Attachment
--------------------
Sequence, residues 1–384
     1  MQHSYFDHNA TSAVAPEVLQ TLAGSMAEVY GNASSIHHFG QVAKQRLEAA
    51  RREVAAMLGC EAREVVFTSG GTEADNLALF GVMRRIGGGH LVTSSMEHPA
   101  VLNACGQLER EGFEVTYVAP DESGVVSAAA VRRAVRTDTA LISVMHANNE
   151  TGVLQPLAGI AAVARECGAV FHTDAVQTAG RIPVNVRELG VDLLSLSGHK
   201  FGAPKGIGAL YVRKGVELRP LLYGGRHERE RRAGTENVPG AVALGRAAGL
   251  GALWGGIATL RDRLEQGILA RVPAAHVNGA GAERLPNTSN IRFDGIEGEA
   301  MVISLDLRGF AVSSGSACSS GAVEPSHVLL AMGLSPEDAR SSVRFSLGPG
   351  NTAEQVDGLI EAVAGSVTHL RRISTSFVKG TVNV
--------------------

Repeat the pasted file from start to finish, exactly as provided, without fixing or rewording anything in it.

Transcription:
Sequence, residues 1–384
     1  MQHSYFDHNA TSAVAPEVLQ TLAGSMAEVY GNASSIHHFG QVAKQRLEAA
    51  RREVAAMLGC EAREVVFTSG GTEADNLALF GVMRRIGGGH LVTSSMEHPA
   101  VLNACGQLER EGFEVTYVAP DESGVVSAAA VRRAVRTDTA LISVMHANNE
   151  TGVLQPLAGI AAVARECGAV FHTDAVQTAG RIPVNVRELG VDLLSLSGHK
   201  FGAPKGIGAL YVRKGVELRP LLYGGRHERE RRAGTENVPG AVALGRAAGL
   251  GALWGGIATL RDRLEQGILA RVPAAHVNGA GAERLPNTSN IRFDGIEGEA
   301  MVISLDLRGF AVSSGSACSS GAVEPSHVLL AMGLSPEDAR SSVRFSLGPG
   351  NTAEQVDGLI EAVAGSVTHL RRISTSFVKG TVNV